Hurricane Beryl killed eight people and knocked out power of millions

At least eight people have died after Hurricane Beryl slammed into southeastern Texas and Louisiana, knocking out power to nearly three million people, the BBC reported.


On July 8, Beryl struck the southern United States as a Category 1 hurricane, but has since been downgraded to a tropical depression.


Officials warned of damaging winds, rain up to 38cm thick and "life-threatening" storm surges.


According to, more than 1,100 flights were canceled at Houston's main airport on July 8.


About 2.3 million customers in Texas were without power as of Tuesday morning (July 9), reported, with some outages also reported in Louisiana and Arkansas.


CenterPoint Energy, a Texas-based utility provider, said it plans to restore power to at least one million customers within 1 day.


The storm caused widespread destruction and at least 10 deaths in the Caribbean.


In the US, officials said seven people died in Harris and Montgomery counties in Texas, and another death was confirmed in neighboring Louisiana.


A 53-year-old man died after winds knocked down power lines and toppled a tree onto his Harris County home, causing his roof to collapse.


There again, 73-year-old grandmother Maria Loredo was pronounced dead after a tree fell through the roof of her home, reports CBS affiliate KHOU.


Loredo's family said she was at home with her son, his wife and two grandsons, ages two and seven, when the tree fell. No other family members were injured.


Also in Harris County, a 54-year-old Houston Police Department officer drowned after trying to wade through high water on his way to work.


Another person has died in a house fire believed to have been caused by lightning, Houston's mayor said.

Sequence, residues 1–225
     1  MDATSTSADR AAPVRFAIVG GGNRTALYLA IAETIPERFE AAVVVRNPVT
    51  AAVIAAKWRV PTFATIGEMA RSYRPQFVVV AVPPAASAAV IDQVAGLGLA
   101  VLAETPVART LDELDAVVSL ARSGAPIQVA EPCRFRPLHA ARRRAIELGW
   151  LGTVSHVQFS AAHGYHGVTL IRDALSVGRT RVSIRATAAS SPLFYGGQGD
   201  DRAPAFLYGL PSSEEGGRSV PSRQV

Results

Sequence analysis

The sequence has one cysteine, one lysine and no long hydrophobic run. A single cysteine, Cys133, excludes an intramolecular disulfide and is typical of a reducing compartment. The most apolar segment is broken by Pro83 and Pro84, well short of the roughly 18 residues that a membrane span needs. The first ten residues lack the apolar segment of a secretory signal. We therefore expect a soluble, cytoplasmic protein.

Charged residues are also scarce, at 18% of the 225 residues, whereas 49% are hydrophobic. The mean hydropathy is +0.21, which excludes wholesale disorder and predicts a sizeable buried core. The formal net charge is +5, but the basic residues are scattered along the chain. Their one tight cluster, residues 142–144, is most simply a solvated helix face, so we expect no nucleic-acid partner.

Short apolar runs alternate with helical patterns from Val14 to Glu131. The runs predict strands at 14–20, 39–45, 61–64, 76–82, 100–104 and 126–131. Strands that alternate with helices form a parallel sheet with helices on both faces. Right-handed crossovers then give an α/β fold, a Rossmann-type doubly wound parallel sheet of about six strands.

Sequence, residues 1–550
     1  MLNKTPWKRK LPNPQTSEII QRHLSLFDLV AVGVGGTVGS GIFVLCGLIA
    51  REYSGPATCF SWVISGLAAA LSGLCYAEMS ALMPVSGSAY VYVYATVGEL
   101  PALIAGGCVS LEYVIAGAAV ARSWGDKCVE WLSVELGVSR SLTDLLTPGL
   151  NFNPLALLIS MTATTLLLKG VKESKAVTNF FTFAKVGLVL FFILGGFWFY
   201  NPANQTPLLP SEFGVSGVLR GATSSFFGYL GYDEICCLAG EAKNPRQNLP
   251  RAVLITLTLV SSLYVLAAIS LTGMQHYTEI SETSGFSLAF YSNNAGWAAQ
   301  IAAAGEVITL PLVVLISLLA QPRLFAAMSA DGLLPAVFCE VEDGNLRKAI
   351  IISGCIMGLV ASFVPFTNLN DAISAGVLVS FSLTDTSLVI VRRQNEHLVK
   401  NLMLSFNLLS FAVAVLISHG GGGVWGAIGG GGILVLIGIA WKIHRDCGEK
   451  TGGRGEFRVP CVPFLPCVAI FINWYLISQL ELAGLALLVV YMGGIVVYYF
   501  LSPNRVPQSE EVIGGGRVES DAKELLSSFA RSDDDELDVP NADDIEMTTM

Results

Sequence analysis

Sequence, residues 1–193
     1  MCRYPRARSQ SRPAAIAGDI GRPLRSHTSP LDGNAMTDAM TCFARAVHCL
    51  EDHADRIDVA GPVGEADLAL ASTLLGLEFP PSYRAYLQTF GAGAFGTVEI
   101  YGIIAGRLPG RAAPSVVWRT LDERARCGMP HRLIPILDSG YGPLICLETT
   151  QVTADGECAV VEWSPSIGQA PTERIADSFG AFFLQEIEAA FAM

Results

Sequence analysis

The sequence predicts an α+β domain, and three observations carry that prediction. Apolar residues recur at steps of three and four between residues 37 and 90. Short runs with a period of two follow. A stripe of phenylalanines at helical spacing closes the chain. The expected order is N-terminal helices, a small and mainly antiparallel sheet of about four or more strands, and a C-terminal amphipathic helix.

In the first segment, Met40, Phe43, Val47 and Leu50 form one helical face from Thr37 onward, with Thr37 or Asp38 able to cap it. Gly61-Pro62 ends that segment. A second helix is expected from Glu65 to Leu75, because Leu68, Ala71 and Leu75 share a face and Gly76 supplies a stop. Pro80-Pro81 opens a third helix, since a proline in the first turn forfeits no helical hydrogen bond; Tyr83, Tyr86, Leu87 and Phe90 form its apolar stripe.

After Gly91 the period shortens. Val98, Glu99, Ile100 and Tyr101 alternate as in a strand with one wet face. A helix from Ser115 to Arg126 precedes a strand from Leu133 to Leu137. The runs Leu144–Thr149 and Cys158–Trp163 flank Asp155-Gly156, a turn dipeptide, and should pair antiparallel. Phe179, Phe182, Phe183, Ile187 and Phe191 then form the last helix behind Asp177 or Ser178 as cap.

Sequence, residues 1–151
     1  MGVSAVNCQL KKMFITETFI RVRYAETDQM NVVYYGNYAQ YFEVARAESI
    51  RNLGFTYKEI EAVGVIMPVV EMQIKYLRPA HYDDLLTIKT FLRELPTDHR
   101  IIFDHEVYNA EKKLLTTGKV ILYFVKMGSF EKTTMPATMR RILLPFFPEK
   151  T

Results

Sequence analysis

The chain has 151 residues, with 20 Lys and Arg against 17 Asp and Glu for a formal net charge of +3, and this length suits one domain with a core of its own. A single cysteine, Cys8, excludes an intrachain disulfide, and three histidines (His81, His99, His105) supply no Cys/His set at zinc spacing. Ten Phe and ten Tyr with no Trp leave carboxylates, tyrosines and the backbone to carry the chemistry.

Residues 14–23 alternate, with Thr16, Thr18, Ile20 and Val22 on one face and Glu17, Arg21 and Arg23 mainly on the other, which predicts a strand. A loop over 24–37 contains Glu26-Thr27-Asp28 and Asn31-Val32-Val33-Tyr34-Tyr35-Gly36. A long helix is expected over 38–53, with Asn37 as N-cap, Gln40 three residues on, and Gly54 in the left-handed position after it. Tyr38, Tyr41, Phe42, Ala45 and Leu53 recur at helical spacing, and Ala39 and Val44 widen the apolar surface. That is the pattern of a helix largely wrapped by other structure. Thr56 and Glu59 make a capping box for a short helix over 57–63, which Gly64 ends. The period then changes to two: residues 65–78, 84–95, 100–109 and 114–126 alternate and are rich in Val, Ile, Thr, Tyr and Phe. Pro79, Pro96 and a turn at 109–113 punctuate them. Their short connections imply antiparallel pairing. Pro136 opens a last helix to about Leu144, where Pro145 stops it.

Three people also died in Montgomery County. Authorities say a man died when a tree fell on him while he was driving a tractor. Two others — homeless people — died when a tree fell on their tent, KHOU reported.


Houston is a low-lying coastal city, making it prone to flooding.


During the storm, sustained wind speeds in the Houston area reached 120 km/h.


Beryl is expected to continue to lose strength as it gradually moves to the north-northeast. However, the risk of flash flooding and heavy rain remains, according to the National Hurricane Center.


In Louisiana, where more than 20,000 people were without power due to the storm on July 9, one person was killed when a tree fell on his home in the town of Benton, according to the local sheriff.


The National Weather Service (NWS) reported that Beryl spawned a tornado in Louisiana on July 8. The next day, the risk of hurricanes moved into Missouri, Tennessee, Kentucky, Illinois, Indiana and Ohio, forecasters said. Ports in Corpus Christi, Houston, Galveston, Freeport and Texas City were closed.


More than 2,500 people, including members of the Texas National Guard, are prepared to deal with the aftermath of Beryl.


Beryl was expected to move eastward across the central US states, including Mississippi, later in the week.


It was forecast to miss central and west Texas, areas currently experiencing moderate to severe drought. | BGNES